Tuesday, November 04, 2008

Yes I did it: The PhD Feeling and Dreams

In line with my previous posts, my PhD Viva was held, coincidentally, on my birthday; the 3rd of October 2008. In response to the overwhelming congratulatory messages from my family, close friends and colleagues, I felt that I must summarise my journey leading up to the triumphatic feat that was achieved. Indeed, many have asked how it must feel to shine on such a momentous occasion which in its own unique way, has cemented my academic foundation and ushered in a new era in my life. Since being awarded the doctorate, every moment has felt like a quiet afternoon with the fresh air forming some summer saxophone note, rising and falling on a warm breeze. With jewels in my heart, it is heaven here and the light that glows inside my heart feels like the salvation that will hopefully free my soul and brighten many others.

But as with most sweet victories, the road I travelled up to this point was not always smooth. Firstly, it was not always easy being an E-student at Mangu High, one of Kenya’s leading national secondary schools. And being constantly reminded that I was a kumutha who got into Mangu through the ‘back door’ was particularly unwelcoming. But my newly acquired status as an academic and a Doctor of Philosophy means that few will now refer to me as the boy who got his admission through his dad’s pocket. I can still hear their whispers back then as they dined with their fellow intellectual giants. Yet ironically, it is such dismissive talk, mixed with the rich culture within that great school that continues to shape me and strengthen the man that I am today.

In particular, being in the ‘Panthers’ Basketball team, which was coached by a man that believed in winning against all odds, certainly helped me to believe that success is created in the mind. No wonder that despite being rejected by most Kenyan universities due to my modest grades, the utmost belief in myself later enabled me to attain a Bachelor of Laws degree from the University of Kent with honours. And to further silence the sceptics, I later achieved a Distinction in the LLM Public International Law and attained an Award of Academic Excellence from the University of London. But it is the subsequent grant of a full Scholarship from the University of Sheffield that led many to start seeing the fuller picture what was destined to emerge.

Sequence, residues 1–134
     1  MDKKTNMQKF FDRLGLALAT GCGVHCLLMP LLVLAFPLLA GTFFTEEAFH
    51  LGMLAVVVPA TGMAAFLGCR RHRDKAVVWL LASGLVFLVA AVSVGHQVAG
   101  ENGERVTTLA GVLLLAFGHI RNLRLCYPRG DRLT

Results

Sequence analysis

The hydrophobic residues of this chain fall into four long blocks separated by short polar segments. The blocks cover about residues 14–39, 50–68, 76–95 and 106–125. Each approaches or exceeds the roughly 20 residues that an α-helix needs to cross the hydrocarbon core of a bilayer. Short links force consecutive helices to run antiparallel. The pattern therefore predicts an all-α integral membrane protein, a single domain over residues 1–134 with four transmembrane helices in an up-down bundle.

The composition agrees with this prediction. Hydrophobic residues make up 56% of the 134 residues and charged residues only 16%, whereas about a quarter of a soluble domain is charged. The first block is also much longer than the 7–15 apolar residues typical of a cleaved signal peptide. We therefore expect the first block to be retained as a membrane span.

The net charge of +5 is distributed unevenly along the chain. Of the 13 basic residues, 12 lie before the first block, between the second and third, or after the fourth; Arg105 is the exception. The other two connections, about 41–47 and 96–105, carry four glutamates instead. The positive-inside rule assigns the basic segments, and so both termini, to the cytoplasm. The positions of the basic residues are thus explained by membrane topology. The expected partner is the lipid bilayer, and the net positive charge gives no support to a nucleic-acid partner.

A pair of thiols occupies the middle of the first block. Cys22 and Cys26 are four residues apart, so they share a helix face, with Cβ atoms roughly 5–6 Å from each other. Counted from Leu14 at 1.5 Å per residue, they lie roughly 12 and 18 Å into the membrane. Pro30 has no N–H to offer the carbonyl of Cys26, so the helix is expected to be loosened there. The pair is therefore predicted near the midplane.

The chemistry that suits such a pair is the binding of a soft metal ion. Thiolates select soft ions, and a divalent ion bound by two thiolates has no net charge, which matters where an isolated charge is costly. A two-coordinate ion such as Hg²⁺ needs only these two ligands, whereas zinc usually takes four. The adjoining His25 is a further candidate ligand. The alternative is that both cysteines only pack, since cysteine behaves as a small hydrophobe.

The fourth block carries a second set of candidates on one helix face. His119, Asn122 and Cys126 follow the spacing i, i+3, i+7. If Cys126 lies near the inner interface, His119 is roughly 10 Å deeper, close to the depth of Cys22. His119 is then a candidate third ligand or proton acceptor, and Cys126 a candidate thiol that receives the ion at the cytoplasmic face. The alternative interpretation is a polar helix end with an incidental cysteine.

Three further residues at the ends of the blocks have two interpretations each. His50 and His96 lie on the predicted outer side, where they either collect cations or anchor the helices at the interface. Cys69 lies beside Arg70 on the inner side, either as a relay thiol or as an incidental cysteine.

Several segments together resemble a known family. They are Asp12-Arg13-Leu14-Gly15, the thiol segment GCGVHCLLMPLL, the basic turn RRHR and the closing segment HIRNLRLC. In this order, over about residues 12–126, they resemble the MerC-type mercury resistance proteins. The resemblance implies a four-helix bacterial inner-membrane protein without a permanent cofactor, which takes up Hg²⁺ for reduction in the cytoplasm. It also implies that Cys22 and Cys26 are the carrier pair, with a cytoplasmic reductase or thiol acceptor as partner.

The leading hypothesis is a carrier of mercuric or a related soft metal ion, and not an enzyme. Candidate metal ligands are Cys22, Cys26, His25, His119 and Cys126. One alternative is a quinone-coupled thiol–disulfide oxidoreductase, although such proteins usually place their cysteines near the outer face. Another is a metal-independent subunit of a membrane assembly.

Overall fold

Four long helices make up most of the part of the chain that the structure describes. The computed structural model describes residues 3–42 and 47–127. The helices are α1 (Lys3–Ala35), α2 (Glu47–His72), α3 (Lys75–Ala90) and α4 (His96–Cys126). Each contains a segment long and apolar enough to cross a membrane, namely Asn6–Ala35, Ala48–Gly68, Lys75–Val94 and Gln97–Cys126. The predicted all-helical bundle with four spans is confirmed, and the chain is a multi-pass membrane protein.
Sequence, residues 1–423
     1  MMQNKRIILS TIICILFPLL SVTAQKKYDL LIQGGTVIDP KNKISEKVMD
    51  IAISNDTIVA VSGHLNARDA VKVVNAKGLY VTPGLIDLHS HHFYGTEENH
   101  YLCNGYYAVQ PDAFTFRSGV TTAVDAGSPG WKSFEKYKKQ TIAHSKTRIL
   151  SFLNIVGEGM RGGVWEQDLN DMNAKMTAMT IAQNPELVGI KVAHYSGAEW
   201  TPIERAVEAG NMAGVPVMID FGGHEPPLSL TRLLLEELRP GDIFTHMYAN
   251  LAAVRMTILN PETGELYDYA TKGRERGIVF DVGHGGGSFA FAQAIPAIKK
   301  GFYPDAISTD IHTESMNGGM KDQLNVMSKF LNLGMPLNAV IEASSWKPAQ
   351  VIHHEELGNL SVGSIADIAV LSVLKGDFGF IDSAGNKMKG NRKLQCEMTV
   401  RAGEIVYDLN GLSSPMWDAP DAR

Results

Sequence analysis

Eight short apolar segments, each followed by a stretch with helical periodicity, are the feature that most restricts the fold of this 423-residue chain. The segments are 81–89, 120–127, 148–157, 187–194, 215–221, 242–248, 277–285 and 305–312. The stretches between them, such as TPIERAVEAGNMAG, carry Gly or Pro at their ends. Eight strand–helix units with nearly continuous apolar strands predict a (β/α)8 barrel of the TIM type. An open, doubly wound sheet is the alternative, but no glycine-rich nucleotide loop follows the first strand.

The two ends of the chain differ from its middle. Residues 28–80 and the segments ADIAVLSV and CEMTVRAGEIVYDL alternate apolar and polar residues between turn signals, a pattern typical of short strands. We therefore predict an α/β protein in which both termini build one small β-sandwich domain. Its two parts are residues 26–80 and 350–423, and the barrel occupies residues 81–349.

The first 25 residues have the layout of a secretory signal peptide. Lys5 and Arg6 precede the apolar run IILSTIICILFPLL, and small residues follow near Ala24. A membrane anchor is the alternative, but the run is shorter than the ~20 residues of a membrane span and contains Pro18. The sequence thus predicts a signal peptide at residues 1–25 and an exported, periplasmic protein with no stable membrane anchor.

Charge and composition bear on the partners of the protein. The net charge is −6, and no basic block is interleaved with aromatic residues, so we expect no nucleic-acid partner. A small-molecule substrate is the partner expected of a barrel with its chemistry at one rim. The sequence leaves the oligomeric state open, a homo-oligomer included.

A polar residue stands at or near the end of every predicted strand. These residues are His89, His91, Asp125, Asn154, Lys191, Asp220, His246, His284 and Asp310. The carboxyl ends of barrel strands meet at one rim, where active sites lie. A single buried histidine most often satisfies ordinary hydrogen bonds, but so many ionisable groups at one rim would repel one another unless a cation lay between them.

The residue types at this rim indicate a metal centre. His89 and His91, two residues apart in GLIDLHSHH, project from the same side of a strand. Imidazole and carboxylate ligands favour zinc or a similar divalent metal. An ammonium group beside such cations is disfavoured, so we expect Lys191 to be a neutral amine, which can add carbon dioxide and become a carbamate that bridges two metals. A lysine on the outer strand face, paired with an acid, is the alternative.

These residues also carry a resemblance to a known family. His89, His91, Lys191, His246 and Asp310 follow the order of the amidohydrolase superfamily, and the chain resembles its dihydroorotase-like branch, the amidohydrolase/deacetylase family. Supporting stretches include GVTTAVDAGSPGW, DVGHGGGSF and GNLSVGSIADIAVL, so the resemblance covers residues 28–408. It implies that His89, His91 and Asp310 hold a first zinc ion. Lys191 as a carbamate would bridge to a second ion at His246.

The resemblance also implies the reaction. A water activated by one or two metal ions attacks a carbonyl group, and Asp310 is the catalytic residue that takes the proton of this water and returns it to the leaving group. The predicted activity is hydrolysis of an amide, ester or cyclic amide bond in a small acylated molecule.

Overall, in considering my purpose on life, I see myself as an idea that must find expression. In the very least, I hope that my story peels away the layers of doubt that covers many of those that are discouraged by exclusive and bureaucratic systems. Anyone, and everyone, deserves a chance at the shot. And I must thank all those that have supported me throughout my academic expedition. Everyone should have the chance to see what I said on very first post of this blog; that amidst life's daily struggles, pain and endless enduring hurdles, there exists colour and beauty and that the world is both colourful and beautiful. Therefore it is important to stay close to the personal dreams that befriend you. In my own journey, I can safely say that the willingness to pay the full price for the cost of my dreams and to take responsibility for my life continues to act as an incentive, as well as reward, for my complete personal maturity.

Friday, September 12, 2008

The end of an Era and the Beginning of Another

My decision to start this blog three years ago was informed by what I already knew would be in store for me as I embarked on my research. And in the same way, as in the beginning, with my writing having served its purpose, I must now prepare to bring the blog to a conclusion. After three years of dedication and hard work on my PhD, my Viva Voce is now only three weeks away. With my thesis already submitted and in the hands of my examiners, I can feel that I deserve more from life. Therefore, destined for great heights and bigger things, I am now knocking on the doors of success and satisfaction . The world is now mine.